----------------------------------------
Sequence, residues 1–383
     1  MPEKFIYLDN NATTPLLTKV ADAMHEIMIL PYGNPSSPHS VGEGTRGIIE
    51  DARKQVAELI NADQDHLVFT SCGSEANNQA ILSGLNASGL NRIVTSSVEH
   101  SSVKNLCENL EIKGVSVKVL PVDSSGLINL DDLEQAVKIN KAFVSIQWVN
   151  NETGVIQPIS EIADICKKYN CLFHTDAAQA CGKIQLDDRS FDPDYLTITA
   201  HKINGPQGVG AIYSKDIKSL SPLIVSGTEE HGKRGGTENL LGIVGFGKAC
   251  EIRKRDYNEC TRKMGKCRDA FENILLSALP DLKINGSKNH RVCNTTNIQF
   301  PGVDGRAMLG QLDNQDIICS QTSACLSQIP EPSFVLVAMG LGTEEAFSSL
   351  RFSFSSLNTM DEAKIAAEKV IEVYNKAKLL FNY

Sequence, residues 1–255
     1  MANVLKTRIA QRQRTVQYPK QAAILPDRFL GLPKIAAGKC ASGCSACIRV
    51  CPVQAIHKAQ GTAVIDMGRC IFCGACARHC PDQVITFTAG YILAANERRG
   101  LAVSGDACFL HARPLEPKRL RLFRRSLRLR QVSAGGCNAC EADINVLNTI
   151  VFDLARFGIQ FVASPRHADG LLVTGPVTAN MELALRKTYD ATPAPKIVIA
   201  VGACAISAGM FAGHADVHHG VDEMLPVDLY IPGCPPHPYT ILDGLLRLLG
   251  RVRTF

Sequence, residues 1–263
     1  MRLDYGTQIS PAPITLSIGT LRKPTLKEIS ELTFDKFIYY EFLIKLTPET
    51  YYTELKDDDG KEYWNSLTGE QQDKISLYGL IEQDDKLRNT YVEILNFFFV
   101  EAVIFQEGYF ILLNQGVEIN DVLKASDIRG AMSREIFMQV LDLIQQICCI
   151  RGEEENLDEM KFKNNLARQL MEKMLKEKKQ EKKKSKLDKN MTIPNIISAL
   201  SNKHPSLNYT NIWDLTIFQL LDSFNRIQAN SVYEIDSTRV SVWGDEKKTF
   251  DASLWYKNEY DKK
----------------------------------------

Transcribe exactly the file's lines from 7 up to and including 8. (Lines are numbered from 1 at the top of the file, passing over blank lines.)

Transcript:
   251  EIRKRDYNEC TRKMGKCRDA FENILLSALP DLKINGSKNH RVCNTTNIQF
   301  PGVDGRAMLG QLDNQDIICS QTSACLSQIP EPSFVLVAMG LGTEEAFSSL